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6 ways interns will destroy your game company

Unpaid interns can be an attractive prospect for your struggling studio, but strict laws could result in some dire consequences for your company. Know the facts.

Eric Boosman, Blogger

September 7, 2012

4 Min Read

I am not a lawyer.  This is not legal advice.  I would love for an actual lawyer to comment on this issue to correct any inaccuracies.

Free interns?  We'll take 'em!

As a bootstrapping indie studio, we are happy to have all the help we can get.  We've had several enthusiastic volunteers eager to lend their time and skills to us in exchange for the experience and credit in our games.  I figured we could just bring them on as interns and let them contribute to whatever extent they could and wanted to.

That idea, I've come to find out, is 100% illegal.

Wanting to make sure Dark Tonic would be legal owners of any work potential interns did on the studio's behalf, before bringing them on, I looked for an intern agreement that covered this.  My all-in-one suite of legal docs did not contain such an agreement, so I went looking online.  That's when I came across this article from the New York Times:  http://www.nytimes.com/2010/04/03/business/03intern.html?pagewanted=all

I was shocked.  My impression had always been that interns were essentially free labor, volunteering in order to get some valuable experience, which is just completely incorrect.

These are the actual federal legal guidelines for interns:  http://wdr.doleta.gov/directives/attach/TEGL/TEGL12-09acc.pdf

From that doc, the 6 main criteria that define a legal internship are:

  1. The training, even though it includes actual operation of the facilities of the employer, is similar to what would be given in a vocational school or academic educational instruction;

  2. The training is for the benefit of the trainees;

  3. The trainees do not displace regular employees, but work under their close observation;

  4. The employer that provides the training derives no immediate advantage from the activities of the trainees, and on occasion the employer’s operations may actually be impeded;

  5. The trainees are not necessarily entitled to a job at the conclusion of the training period; and

  6. The employer and the trainees understand that the trainees are not entitled to wages for the time spent in training.

If these 6 criteria are not fulfilled, the "intern" will be legally acting as an employee, and entitled to minimum wage, and all other employee laws. 

There is also not a legal concept of a "volunteer" for a for-profit company.  That falls under the same rules.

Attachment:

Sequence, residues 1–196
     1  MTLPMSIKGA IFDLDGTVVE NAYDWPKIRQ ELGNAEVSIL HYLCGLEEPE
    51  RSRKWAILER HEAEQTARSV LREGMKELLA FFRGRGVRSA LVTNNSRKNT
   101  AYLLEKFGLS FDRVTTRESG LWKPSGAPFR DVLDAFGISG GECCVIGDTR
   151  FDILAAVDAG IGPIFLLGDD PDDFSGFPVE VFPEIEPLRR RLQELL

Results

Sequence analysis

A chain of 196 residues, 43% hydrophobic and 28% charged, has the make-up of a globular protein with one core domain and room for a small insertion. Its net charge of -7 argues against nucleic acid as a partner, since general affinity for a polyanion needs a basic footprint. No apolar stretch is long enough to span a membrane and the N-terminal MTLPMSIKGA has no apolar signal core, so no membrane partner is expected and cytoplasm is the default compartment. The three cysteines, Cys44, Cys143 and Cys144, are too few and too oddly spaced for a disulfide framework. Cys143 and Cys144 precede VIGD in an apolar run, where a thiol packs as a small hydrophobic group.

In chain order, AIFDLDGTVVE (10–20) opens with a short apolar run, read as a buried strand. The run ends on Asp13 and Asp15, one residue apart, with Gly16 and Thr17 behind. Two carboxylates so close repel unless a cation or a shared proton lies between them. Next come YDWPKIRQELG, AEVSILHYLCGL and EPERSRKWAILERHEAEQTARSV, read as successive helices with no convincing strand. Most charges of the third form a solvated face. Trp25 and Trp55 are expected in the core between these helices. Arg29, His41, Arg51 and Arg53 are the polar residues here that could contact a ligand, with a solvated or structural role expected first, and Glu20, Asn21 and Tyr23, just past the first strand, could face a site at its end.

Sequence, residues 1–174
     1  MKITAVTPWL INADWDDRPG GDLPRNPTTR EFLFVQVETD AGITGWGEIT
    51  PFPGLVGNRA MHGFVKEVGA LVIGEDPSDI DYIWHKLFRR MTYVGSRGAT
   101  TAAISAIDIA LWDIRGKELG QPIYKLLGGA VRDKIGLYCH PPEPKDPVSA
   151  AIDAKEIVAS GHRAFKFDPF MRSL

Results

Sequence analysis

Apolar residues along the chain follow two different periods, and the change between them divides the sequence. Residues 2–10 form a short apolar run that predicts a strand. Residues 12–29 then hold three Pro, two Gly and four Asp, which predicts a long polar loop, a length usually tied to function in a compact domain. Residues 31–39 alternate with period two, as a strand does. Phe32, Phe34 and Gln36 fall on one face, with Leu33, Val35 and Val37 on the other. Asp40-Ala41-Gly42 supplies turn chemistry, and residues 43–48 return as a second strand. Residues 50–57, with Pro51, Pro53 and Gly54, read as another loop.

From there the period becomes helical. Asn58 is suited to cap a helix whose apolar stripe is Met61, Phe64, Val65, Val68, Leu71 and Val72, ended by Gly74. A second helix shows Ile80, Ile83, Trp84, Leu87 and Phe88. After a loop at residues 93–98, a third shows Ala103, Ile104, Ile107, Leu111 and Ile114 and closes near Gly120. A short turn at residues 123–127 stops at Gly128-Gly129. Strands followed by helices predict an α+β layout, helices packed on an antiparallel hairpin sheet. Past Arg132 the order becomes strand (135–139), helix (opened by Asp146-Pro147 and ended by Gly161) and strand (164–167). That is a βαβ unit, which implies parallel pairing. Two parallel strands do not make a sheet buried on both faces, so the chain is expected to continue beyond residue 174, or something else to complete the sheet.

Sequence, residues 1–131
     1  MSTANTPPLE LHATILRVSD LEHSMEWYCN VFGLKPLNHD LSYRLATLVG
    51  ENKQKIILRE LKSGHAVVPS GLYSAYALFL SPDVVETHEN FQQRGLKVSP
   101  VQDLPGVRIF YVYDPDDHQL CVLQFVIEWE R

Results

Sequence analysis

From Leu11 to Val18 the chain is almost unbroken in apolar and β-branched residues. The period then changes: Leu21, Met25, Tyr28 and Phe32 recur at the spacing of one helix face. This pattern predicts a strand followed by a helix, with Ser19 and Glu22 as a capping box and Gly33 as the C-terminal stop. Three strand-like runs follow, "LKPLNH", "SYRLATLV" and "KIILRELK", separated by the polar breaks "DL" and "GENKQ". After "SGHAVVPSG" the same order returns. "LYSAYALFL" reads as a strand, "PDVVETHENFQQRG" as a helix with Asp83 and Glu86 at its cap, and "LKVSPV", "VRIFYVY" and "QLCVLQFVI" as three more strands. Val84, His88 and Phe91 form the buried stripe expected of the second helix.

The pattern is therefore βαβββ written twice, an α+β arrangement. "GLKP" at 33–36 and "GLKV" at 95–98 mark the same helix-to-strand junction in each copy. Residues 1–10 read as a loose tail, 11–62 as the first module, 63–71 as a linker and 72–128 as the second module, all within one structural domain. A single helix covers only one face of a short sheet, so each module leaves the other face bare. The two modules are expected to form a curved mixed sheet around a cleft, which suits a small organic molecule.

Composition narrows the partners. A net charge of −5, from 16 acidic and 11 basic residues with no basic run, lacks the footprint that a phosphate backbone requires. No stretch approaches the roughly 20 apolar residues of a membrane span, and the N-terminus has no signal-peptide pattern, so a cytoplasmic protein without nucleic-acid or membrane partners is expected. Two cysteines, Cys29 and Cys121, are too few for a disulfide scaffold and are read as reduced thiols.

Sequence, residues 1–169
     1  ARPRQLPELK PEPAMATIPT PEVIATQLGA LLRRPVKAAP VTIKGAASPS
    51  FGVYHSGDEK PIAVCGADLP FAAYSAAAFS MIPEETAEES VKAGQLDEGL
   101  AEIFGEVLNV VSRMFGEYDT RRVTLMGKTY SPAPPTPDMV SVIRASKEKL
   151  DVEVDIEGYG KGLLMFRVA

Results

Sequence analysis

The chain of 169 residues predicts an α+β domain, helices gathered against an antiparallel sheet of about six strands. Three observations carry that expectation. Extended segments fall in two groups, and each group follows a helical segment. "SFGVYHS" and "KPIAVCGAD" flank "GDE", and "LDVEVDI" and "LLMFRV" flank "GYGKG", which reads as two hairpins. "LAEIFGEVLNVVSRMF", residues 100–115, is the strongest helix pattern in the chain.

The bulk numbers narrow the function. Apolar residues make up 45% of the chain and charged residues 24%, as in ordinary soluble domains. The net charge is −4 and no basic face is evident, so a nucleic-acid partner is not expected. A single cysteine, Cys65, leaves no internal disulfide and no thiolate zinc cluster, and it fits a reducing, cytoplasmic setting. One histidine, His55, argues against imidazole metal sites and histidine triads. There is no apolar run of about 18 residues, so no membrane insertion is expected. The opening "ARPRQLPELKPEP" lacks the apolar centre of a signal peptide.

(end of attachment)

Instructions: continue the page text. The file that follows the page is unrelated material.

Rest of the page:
What can you do?

The only 2 legit ways I've found to receive free work as a for-profit company are either:

  1. An internship that meets all 6 criteria above.  In this case, the company is spending close to the amount of time training the intern as the intern's work benefits the company (so it is not actually free work).

  2. Have them work as independent contractors, and agree to limited/no compensation as specifically described in a contract.  The catch here is that as an independent contractor, they must determine the best way to achieve the results the company requests in the contract, but the company cannot tell the contractor specifically how something should be done, what tools to use, etc.  If the company does that, the contractor's status may automatically revert to that of an employee.

That line between contractor and employee is also fairly fine.  Here are the laws concerning them: http://www.irs.gov/Businesses/Small-Businesses-&-Self-Employed/Independent-Contractor-(Self-Employed)-or-Employee%3F

From that page, these are the questions that define an employee vs. a contractor:

Common Law Rules

Facts that provide evidence of the degree of control and independence fall into three categories:

  1. Behavioral: Does the company control or have the right to control what the worker does and how the worker does his or her job?

  2. Financial: Are the business aspects of the worker’s job controlled by the payer? (these include things like how worker is paid, whether expenses are reimbursed, who provides tools/supplies, etc.)

  3. Type of Relationship: Are there written contracts or employee type benefits (i.e. pension plan, insurance, vacation pay, etc.)? Will the relationship continue and is the work performed a key aspect of the business?

Basically, a contractor is independent and makes full choices about how to achieve work results.

If you're an unpaid intern, and your host company isn't fulfilling those 6 criteria above, congratulations!  You volunteered yourself into a paying job!

If your company has or is considering bringing on an intern, educate yourself.


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